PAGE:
The FDA’s Pulse Quickens

After years of complaints that it was too protectionist, the Food and Drug Administration seems to have entered an era of faster approvals.


FOR MUCH OF THE PAST DECADE, the pharmaceuticals industry — and its investors — privately griped that the U.S. Food and Drug Administration was too tough. In 2008 the agency unexpectedly rejected Tredaptive, a Merck & Co. medication for cholesterol that should have been a shoo-in, as it merely combined old-staple niacin with an ingredient to prevent flushing. Two years later the FDA drastically restricted the usage of Avandia, a diabetes drug made by GlaxoSmithKline that was already on the market. And obesity drugs? Forget it. Sanofi-Aventis’ Acomplia was rejected in 2007; Abbott Laboratories pulled Meridia from the market in 2010 under FDA pressure. Clearly, almost nothing could get past the nitpicking regulators.

With old blockbusters like Pfizer’s $11 billion cholesterol drug Lipitor going off patent and their replacements long delayed at the FDA, investors couldn’t see much future in the sector.

But last year all of that seemed to shift: The agency approved 30 groundbreaking new drugs, compared with an annual average of just 22 over the previous half dozen years. Even more important in the FDA’s view, a record amount — 70 percent — were okayed without first being sent back to the manufacturer for more work. Within two days this past January, two innovative drugs, Genentech’s Erivedge for a type of skin cancer and Vertex Pharmaceuticals’ Kalydeco for cystic fibrosis, were waved through faster than anticipated. And in perhaps the ultimate symbol of change, the agency in late June approved Belviq from Arena Pharmaceuticals — the first new diet drug in 13 years.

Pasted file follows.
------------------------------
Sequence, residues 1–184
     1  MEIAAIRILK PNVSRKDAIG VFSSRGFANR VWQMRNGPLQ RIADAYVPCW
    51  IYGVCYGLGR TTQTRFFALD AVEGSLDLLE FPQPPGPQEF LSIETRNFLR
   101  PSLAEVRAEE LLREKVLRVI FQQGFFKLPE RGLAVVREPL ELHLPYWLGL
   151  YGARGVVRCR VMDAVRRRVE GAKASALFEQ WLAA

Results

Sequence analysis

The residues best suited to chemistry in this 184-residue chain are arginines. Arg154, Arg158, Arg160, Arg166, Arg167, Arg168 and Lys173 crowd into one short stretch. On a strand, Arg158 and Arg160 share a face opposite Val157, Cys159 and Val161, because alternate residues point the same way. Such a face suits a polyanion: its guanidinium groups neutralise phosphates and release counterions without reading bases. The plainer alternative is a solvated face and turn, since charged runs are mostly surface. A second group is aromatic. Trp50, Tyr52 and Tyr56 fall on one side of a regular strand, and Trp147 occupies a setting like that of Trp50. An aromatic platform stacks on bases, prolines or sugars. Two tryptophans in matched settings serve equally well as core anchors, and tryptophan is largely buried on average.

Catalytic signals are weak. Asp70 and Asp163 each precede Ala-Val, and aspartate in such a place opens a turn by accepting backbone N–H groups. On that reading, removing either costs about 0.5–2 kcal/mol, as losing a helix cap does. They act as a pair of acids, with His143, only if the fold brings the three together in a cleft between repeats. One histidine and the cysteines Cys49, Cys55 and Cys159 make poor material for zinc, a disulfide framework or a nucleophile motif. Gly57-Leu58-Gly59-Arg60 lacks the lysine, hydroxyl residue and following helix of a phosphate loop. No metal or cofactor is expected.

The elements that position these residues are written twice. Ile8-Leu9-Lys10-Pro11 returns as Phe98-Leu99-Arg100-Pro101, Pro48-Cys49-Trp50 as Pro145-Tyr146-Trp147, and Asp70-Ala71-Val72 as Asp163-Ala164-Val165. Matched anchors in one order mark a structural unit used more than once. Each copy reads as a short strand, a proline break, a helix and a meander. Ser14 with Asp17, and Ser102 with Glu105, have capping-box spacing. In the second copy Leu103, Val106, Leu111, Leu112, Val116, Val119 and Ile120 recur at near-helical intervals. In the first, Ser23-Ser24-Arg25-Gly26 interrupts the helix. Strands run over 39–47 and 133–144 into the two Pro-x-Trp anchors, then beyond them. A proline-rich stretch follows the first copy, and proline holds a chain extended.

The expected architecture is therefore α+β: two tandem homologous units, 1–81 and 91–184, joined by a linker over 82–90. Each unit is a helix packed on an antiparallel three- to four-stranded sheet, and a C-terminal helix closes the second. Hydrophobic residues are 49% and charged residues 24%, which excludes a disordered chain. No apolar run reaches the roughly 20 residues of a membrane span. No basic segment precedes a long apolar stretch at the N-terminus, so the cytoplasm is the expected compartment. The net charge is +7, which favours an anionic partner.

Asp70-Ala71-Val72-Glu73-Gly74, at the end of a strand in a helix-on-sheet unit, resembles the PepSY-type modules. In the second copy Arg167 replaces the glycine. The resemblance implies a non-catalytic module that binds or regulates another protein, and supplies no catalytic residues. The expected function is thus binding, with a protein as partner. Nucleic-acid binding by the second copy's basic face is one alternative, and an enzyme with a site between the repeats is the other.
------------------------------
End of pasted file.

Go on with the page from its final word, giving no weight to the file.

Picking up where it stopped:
Of course, one year does not make a trend, and not all investors are rushing to load up on pharmaceuticals stocks. Nevertheless, some important changes in both the industry and the FDA are likely to have staying power, at least for a few years.


“We’ve done a lot of things over the past 20 years to improve the efficiency of our review process,” says John Jenkins, the low-key director of the FDA’s office of new drugs, which oversees clinical trials and approvals. “But the main driver is going to be the quality of the applications.”

Industry officials and investors largely agree. They say the drugs in the pipeline are better, while new laws and a budget boost have given the FDA structural, financial, legal and personnel muscle. After 12 years of short-term, interim, controversial and weak leaders, Margaret Hamburg, a respected former New York City health official and bioterrorism expert, was appointed to head the agency in May 2009, providing some much-needed stability.

What happens at the FDA matters to investors for a crucial reason: Without the agency’s imprimatur, medications cannot be sold. If the FDA doesn’t have the staff to review the applications that pour in, the expertise to understand the trailblazing science behind some of the new products or the leadership to push back against political pressure, critical decisions will be delayed. In a typical year large pharmaceuticals companies might file 100 or more applications for approval of new drugs of all sorts. Even if only two or three of those are billion-dollar blockbusters — a reasonable assumption — that’s double-digit billions of dollars of revenue at stake.

Experts offer another explanation for the apparent changes at the agency, although Jenkins and some investors disagree. It was simply time, they say, for the historical pendulum of public pressure to swing away from caution and toward faster approvals.